“But I bring you here for special dinner. You no like?”
“I like. I just no hungry.”
The Brazilian was visibly upset and said nothing for most of the night, just sawing off slabs of steak and looking around. I finally gave in and ate a few bites of his mashed potatoes, just to make him happy. Maybe food is really important in Brazil, I thought. Either way, I wanted to leave. After dinner, we went back to his place, where we could finally stop wasting time with such silliness and have us some fun.
I started sleeping over at the Brazilian’s place more often. Every morning he left for his job as a professional dog walker around six a.m. Then, like clockwork, he’d send me some sappy text from a park bench.
“Good morning dear Mel. We see each other tonight? I wish I hugging you like pillow. :-( ”
Four or five hours later I would text him back, “sure. I’ll be there at 11.”
Other than his annoying texts — which I suspected most women would find romantic — he was a lot of fun. Way more fun, actually, than any American dude I’d been with. For starters, he was obsessed with my butt, a butt I’d always assumed was too big for white guys in the States. He couldn’t seem to keep his hands off it, sometimes grabbing it like a pile of dough and shaking it wildly while murmuring sounds of approval.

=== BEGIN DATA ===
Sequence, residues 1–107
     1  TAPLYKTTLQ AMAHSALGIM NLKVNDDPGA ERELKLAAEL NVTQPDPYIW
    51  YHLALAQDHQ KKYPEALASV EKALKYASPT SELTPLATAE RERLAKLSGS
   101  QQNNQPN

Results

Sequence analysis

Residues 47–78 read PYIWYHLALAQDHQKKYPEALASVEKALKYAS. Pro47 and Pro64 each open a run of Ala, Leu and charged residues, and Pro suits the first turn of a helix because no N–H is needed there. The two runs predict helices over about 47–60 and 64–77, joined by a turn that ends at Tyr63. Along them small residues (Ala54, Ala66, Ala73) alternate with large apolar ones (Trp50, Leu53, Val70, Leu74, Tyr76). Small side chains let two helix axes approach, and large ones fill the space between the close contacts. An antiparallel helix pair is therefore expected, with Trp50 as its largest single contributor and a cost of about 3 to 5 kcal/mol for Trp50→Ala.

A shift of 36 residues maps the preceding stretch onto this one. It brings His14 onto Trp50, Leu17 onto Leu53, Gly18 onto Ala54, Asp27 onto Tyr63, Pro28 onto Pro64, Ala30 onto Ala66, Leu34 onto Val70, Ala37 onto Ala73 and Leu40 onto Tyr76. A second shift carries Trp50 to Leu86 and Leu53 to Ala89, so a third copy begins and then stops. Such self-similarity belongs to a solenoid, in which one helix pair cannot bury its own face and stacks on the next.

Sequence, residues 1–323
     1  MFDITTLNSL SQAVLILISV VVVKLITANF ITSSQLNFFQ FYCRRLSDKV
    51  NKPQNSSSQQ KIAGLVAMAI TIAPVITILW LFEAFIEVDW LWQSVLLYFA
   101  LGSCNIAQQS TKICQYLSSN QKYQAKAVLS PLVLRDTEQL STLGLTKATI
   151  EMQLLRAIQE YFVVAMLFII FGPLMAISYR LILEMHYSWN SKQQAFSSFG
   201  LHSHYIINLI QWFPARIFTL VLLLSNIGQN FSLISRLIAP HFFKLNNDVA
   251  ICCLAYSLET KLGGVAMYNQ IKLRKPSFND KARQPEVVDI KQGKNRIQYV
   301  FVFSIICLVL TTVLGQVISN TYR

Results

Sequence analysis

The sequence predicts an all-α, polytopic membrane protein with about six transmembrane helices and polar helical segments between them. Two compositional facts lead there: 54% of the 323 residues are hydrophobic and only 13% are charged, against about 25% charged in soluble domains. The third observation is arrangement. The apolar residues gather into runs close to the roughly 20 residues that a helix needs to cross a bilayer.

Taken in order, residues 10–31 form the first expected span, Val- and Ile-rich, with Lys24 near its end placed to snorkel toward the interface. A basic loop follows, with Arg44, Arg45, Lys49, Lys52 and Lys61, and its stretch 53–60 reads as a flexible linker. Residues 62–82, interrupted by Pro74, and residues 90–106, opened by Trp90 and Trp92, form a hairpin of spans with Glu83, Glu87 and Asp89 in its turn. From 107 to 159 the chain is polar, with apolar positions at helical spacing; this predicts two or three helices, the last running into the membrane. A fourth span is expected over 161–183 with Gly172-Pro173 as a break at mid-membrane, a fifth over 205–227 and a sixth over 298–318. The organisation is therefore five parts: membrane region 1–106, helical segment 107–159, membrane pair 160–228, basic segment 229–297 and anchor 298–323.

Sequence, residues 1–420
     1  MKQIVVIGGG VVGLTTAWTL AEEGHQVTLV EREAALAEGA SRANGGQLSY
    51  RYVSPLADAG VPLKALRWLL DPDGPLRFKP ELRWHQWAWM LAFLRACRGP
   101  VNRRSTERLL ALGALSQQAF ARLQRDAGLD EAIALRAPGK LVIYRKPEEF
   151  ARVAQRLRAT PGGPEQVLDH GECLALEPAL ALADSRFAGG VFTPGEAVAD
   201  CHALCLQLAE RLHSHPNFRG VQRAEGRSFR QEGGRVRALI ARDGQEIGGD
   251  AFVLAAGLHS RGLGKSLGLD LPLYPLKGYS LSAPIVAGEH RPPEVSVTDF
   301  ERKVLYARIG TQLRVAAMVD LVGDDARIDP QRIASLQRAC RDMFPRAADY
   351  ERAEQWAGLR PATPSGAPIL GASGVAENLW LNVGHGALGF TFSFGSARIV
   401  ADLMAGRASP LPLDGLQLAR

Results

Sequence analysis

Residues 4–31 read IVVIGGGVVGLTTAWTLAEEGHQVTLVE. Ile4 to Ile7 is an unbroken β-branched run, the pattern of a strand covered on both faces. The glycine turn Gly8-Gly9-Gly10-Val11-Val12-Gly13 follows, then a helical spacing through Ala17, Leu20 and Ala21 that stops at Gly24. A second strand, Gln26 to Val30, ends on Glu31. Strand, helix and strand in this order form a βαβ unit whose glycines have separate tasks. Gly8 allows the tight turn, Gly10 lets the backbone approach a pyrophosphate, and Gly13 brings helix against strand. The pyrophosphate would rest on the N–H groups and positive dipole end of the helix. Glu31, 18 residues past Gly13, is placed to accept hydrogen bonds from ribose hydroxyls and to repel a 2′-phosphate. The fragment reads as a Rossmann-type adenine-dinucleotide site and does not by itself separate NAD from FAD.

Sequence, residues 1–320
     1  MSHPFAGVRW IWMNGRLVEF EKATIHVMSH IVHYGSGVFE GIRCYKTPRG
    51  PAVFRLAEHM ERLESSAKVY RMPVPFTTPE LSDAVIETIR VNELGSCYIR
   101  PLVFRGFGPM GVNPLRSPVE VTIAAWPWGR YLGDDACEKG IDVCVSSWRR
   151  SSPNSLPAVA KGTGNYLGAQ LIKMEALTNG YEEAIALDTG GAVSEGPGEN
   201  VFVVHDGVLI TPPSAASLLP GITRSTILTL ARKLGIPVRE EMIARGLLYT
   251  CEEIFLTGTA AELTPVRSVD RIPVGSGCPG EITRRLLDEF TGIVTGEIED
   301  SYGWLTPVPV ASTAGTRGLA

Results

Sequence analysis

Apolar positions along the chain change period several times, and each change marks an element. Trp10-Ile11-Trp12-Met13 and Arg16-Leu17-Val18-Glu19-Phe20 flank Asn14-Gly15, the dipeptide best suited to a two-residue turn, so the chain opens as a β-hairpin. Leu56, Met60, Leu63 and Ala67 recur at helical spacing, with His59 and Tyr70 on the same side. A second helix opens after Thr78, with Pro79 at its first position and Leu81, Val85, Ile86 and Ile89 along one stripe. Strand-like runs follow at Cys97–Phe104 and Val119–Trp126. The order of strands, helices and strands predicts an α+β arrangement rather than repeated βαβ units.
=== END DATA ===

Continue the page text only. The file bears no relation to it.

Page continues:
He always wanted me to strip for him too, but only so he could stare at my butt longer. I’d usually get a dollar. “I dance for you now!” he’d say, then lock his fingers behind his head and do that helicopter thing. His goofiness was strangely hot. One night he ripped off his shirt and showed me that he’d shaved his entire chest “for me.” The next night it was his crotch. “Now I soft like baby for you.” Everything about this relationship was weird and hilarious and amazing and I couldn’t get enough of it.
Well, all except the nagging. He just wouldn’t drop the whole “date” thing. I couldn’t figure out why on earth he felt the need to go on dates. Wasn’t getting laid the whole point of guys spending money on women? If you own a house, it doesn’t make sense to also pay a mortgage, does it? I usually lied and promised we would go out soon, just to get him to shut up.
On one of my last nights in town, I showed up at his place close to midnight and broke the terrible news that it was “that” time of the month.
“That’s okay! I have special sheet!”
“Uh, I don’t know what this period sheet is, but I want nothing to do with it.”
For a few seconds, he laid there, splayed out on his bed, looking confused.
“So, I guess you’re just going to have to be okay with cuddling,” I said.
He lit up, clapped his hands, lifted the covers, and patted the bed for me to join him, like I was a puppy. I ate a handful of almonds from my backpack then crawled into bed, where he just stared at me with a smirk.
“I surprised you come over,” he whispered, then took the position of the big spoon and buried his head into my neck.
“I no think you come over if we no have sex.”